|11. ||Jimmy Ray Tinker (1.David1) was born 9 Jun 1938, Sevierville, Sevier County, Tennessee; died 24 Jan 2002; was buried 27 Jan 2002, Catons Chapel Cemetery, Sevier County, Tennessee. |
DEPARTMENT OF LABOR
MINE SAFETY AND HEALTH ADMINISTRATION
REPORT OF INVESTIGATION
Surface Nonmetal Mine
Fatal Powered Haulage Accident
January 24, 2002
Sevier County Highway Department
Sevierville, Sevier County, Tennessee
Mine I.D. No. 40-00088
Joel B. Richardson
Mine Safety and Health Inspector
Steve J. Kirkland
Supervisory Mine Safety and Health Inspector
Mine Safety and Health Administration
135 Gemini Circle, Suite 212; Birmingham, AL 35209
Martin Rosta, District Manager
Jimmy R. Tinker, load-out bin operator, age 62, was fatally injured on January 24, 2002, when he was struck by the bucket of a front-end loader.
The accident occurred in a heavy rainstorm, which restricted visibility. The front-end loader operator apparently struck the victim with the bucket of the loader as the victim was crossing the road.
Tinker had a total of 20 years, 9 months mining experience, all at this operation. He had 18 years experience as a bin operator. He had received training in accordance with 30 CFR Part 46.
County Quarry, a crushed limestone operation, owned and operated by Sevier County Highway Department, was located at 139 County Garage Road, 4 miles north of Sevierville, Sevier County, Tennessee. The principal operating official was Jonas Smelcer, superintendent of roads. The mine was normally operated one, 8-hour shift a day, three to five days a week. Total employment was six persons.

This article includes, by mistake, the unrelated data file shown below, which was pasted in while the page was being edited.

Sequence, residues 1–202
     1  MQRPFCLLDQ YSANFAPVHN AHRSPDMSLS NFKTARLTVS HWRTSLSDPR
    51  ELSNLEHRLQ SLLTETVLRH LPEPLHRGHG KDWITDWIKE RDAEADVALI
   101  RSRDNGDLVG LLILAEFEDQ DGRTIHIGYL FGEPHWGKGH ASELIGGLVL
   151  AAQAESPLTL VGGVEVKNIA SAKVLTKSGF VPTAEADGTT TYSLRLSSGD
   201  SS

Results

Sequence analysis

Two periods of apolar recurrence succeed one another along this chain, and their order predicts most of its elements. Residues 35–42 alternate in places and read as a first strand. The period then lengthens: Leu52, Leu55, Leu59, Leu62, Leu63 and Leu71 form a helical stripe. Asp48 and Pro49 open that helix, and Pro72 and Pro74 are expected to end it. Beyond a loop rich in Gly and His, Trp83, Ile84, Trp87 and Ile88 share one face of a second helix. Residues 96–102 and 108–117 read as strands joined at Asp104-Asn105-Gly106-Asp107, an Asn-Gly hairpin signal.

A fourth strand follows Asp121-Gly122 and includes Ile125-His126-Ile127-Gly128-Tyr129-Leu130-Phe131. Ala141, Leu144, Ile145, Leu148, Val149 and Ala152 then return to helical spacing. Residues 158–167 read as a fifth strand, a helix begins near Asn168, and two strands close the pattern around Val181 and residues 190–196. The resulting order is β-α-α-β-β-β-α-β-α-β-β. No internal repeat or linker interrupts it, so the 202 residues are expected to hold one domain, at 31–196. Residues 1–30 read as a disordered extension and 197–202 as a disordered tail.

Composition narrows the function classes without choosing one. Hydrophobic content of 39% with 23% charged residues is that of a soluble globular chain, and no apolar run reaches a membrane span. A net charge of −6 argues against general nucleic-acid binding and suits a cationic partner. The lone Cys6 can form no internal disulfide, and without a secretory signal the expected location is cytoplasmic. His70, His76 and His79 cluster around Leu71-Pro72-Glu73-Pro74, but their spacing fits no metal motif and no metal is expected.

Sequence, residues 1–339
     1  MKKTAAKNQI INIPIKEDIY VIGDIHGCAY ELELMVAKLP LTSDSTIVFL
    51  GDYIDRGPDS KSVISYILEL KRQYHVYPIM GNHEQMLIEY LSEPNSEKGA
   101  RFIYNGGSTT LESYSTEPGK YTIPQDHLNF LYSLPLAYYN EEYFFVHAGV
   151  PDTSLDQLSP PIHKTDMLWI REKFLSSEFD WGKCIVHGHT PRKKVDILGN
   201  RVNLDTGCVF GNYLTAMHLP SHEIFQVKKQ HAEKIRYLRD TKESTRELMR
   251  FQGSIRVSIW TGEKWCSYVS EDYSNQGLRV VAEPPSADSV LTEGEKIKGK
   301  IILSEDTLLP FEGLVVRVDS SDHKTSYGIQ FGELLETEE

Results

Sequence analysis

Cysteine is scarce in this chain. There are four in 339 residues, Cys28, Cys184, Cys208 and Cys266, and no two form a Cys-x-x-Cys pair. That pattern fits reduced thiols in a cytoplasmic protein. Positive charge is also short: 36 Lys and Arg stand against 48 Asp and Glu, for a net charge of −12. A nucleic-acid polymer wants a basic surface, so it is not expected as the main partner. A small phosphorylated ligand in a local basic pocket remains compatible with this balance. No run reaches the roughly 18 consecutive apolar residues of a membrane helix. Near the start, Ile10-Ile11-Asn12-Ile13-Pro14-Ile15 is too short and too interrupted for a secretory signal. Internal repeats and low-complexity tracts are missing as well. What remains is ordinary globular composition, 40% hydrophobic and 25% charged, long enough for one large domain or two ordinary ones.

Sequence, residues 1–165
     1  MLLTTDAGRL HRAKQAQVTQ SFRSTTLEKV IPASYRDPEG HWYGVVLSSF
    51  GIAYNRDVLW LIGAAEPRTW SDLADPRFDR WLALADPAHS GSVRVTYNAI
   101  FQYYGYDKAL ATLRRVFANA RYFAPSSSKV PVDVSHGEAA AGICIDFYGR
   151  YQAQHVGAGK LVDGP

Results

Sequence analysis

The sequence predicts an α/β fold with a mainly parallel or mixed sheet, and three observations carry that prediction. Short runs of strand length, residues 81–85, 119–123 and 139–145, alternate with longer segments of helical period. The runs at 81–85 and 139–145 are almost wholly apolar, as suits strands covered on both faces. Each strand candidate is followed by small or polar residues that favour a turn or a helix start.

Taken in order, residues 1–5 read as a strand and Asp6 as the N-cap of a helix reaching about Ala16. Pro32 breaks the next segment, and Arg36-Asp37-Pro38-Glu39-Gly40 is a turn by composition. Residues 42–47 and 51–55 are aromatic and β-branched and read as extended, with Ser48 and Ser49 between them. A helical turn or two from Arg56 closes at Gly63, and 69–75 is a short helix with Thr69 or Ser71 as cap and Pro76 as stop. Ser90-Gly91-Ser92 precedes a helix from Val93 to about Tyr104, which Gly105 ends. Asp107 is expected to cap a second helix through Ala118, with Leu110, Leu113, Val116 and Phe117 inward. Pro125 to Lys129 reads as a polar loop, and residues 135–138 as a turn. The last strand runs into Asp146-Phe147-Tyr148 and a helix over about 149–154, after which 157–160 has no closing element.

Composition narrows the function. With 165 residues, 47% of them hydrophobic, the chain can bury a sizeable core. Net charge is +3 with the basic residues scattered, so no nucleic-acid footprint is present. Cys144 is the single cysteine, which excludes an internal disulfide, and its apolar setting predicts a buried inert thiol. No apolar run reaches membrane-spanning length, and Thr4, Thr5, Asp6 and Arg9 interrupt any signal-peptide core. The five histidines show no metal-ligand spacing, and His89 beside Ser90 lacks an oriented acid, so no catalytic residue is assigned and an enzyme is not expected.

Limestone was drilled and blasted, loaded into trucks and hauled to the crusher where it was crushed, washed, screened, sized and stockpiled. The finished product was used by the county for road construction and repairs.
The last regular inspection at this operation was completed on October 18, 2001. A regular inspection was conducted following the investigation.
DESCRIPTION OF ACCIDENT
On the day of the accident, Jimmy R. Tinker (victim) arrived at the mine site at 7:00 a.m., 30 minutes before his normal starting time. At about 7:30 a.m., Tinker and Terry Hatcher, truck driver, went to the load-out bins where Tinker started the heater in the building. He and Hatcher then traveled in Hatcher's truck to the pit to see if rock would be crushed that day.
Because of a heavy rainstorm, the decision was made not to crush rock. Tinker and Hatcher were instructed to empty the load-out bins before leaving for the day. After returning to the bins, Tinker filled Hatcher's truck and told Hatcher to dump the rock on the No. 2 stockpile.
Ralph Whaley, supervisor/front-end loader operator, drove by the load-out bins in his loader and saw Tinker loading Hatcher's truck. Whaley continued on to the cold mix asphalt stockpile where he loaded one truck, then returned with the loader. As he passed the load-out bins he saw Hatcher dumping his load of material at the stockpile.
At about 8:15 a.m., Hatcher returned to the load-out bin turnaround. He proceeded to back the truck under the bin but did not see Tinker, who was normally outside the shack to direct him as he backed under the bin. Hatcher then saw Tinker lying face up near the roadway in a shallow ditch and drove his truck to the No. 1 stockpile where Whaley and Scott Douglas, truck driver, were working. Douglas immediately went to Tinker and checked for vital signs but was unable to detect any. He then radioed the office to summon emergency assistance. A few minutes later, emergency personnel arrived and Tinker was transported to a local medical center where he was pronounced dead. Death was attributed to internal injuries consistent with being hit with the bucket of a front-end-loader.